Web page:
Have you heard about 3D printing yet? Also known as additive manufacturing, this form of manufacturing still occurs primarily within industrial settings. Companies rely upon 3D printers to create products ranging from customized prosthetic limbs to prototype automotive components.
However, this emerging technology also promises to revolutionize the world of haute couture during coming decades. It allows fashion designers to transform digital drawings into solid, three-dimensional objects using a specialized form of a high-tech printer. This article describes how three-dimensional printing has already influenced fashion.
Transform Imagination Into New Designs
The process of 3D printing helps designers generate some striking designs. For instance, avant-garde designers such as Iris Van Herpen have relied upon this technology to help them produce distinctive fabrics. In 2015, the noted Parisian couturier displayed her Quaquaversal Collection in a glitzy show. Models crossed paths on the runway wearing distinctive sci-fi and fantasy-themed designs, which included 3D printed materials.
While presently this technology appears confined mainly to the world of high fashion, the fabrication process will reach off-the-rack buyers soon. Researchers have developed a biodegradable, bioactive fabric derived from cornstarch, sugar, tapioca or sugar cane. This substance, called polylactic acid or polylactide (PLA), has formed a constituent in some 3D printing projects. Some fashion designers have envisioned PLA as a substrate for printing clothing accessories, although others foresee elastic thermoplastic polyurethane (TPU) as a much better alternative for this purpose. As the development of new 3D fabrics advances, additional materials will likely become popular.
3D printing appears poised to disrupt the jewelry industry, too. A growing number of small designers now have the opportunity to print their unique pieces.
Innovative 3D technology likely won’t completely replace conventional jewelry making techniques. It does democratize the design process, however. Customers can more easily craft their own collections. In addition, designers have the opportunity to produce as many prototypes as they want before opting for the best design.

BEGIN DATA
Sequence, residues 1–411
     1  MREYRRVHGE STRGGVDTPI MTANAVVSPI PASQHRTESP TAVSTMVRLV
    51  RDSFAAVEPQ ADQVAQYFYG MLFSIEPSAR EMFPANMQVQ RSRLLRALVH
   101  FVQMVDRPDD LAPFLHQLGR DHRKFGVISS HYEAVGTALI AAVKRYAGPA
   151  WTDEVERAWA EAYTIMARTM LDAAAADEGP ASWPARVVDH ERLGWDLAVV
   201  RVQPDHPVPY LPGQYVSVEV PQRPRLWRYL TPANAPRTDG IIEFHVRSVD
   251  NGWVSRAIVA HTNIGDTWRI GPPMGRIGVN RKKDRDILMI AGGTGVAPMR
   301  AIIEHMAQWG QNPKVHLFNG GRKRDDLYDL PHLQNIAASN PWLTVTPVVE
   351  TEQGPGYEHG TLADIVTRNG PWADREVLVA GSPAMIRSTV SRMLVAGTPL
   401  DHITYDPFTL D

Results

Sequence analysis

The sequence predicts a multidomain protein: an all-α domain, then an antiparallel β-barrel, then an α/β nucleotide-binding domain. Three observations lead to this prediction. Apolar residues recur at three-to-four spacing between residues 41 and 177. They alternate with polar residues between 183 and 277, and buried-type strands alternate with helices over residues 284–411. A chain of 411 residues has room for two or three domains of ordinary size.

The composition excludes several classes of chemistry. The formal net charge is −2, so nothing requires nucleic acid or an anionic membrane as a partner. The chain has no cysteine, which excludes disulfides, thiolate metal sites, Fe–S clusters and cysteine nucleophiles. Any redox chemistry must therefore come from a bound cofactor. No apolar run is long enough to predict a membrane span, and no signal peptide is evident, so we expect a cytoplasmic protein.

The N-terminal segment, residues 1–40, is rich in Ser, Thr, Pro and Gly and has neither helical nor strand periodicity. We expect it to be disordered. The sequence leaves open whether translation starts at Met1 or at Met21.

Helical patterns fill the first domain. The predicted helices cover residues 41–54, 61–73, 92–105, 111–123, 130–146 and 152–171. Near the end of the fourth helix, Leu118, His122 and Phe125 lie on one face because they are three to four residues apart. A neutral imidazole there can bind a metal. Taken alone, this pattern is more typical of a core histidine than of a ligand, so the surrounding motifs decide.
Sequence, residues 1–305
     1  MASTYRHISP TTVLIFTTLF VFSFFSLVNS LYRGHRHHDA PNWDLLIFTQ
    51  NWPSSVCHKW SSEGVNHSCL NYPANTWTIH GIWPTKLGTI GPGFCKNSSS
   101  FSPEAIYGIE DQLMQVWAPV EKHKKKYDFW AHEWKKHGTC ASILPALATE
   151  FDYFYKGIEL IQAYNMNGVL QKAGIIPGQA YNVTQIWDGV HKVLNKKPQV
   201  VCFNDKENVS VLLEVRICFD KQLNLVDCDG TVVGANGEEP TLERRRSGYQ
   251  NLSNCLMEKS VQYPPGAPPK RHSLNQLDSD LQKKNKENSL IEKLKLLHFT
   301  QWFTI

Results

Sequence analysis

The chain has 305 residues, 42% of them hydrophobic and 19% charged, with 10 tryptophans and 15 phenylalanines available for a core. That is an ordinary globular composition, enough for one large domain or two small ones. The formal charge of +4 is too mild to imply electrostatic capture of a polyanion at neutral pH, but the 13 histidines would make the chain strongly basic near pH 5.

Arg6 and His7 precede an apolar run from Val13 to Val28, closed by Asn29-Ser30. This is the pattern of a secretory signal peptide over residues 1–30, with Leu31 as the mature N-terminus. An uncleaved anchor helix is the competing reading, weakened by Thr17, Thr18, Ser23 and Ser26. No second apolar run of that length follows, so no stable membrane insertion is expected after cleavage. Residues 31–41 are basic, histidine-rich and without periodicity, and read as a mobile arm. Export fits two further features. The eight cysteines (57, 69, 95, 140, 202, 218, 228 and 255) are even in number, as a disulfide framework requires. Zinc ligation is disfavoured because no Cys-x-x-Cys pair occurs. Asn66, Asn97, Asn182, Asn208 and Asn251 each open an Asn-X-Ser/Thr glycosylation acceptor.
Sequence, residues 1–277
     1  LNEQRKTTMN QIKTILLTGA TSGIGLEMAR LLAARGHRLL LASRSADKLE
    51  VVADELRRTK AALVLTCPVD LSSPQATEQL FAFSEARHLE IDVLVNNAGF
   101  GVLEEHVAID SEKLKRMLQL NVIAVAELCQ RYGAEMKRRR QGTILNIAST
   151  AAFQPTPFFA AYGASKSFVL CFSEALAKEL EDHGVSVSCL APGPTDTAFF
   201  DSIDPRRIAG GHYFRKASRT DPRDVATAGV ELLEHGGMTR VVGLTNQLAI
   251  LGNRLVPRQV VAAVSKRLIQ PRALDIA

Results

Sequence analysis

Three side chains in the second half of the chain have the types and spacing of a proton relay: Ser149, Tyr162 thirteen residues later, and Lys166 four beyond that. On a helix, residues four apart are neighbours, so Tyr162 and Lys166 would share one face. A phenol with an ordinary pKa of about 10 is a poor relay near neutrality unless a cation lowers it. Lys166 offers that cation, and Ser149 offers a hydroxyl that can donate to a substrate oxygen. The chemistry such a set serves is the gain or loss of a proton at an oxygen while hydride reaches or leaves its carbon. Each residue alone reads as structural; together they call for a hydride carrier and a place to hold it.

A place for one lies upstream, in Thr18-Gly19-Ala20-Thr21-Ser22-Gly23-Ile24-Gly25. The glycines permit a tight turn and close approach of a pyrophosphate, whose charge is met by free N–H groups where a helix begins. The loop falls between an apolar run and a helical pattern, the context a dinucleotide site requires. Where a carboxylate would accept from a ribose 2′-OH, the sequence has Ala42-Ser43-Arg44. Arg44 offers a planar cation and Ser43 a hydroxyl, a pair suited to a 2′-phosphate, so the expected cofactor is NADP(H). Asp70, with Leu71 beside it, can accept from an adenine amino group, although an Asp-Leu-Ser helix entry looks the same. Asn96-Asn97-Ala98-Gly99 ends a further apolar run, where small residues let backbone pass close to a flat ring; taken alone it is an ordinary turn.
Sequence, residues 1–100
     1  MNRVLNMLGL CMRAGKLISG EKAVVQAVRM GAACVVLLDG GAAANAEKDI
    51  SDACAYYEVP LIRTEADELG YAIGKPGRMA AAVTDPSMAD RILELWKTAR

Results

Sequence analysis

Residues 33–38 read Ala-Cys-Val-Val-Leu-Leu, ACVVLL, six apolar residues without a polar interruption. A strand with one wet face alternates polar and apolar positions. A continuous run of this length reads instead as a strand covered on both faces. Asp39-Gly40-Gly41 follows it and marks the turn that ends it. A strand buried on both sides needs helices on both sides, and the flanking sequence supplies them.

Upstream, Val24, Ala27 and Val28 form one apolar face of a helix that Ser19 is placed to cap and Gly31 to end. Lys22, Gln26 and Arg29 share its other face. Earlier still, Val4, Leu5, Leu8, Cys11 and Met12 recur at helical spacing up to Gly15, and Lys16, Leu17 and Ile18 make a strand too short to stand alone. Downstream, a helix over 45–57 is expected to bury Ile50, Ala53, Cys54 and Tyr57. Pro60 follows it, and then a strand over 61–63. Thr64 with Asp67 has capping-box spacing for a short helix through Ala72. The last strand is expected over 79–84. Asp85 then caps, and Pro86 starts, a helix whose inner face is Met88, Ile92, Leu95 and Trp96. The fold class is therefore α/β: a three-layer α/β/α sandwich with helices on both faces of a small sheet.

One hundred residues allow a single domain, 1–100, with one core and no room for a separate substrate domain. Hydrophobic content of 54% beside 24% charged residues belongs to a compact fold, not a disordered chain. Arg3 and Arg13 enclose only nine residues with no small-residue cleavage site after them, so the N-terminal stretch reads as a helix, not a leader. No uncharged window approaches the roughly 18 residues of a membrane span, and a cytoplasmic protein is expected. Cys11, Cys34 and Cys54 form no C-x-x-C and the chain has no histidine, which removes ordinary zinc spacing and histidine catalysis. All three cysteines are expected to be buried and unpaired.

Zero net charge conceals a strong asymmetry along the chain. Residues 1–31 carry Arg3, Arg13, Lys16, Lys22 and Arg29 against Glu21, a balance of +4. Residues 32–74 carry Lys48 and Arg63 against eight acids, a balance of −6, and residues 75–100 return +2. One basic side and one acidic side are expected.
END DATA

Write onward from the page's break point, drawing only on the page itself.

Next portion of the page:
Companies such as Shapeways furnish ready access to this technology. For instance, designer Kimberly Ovitz used the firm’s printing assistance to create her entire jewelry collection.
Fashion designers foresee great potential for this market. New 3D printing technology holds promise as a way to mass-produce highly customized footwear products. For instance, the large athletic shoemaker Adidas recently created a tennis shoe using 3D printing. The company joins other leading name manufacturers in working to develop highly individualized products.
Manufacturers can tailor shoes generated through this process to meet the unique specifications of individual feet. Additionally, it will permit customers who wear unusually large or small sizes to obtain a broader selection at considerable cost savings. Many leading athletes already order customized 3D printed shoes to enhance comfort on the track.
In the future, customers might even enjoy the ability to order shoes and watch them printed at retail outlets. Some scientists anticipate leather produced entirely from petri dishes and 3D printing will eventually replace the tanned hides used in traditional cowboy boots.
Today 3D printed clothes, shoes, jewelry and other accessories have already begun transforming the fashion world. As more firms begin to experiment with creating fabrics utilizing this innovative process on a limited scale, experts anticipate 3D printed products will soon reach a mass market. In the future, this trend holds great potential for the fashion industry.
Heather Redding is a tech enthusiast and freelance writer based in Aurora, Illinois. She is a coffee-addict who enjoys swimming and reading. Street photography is her newly discovered artistic outlet and she likes to capture life’s little moments with her camera. You can reach Heather via Twitter.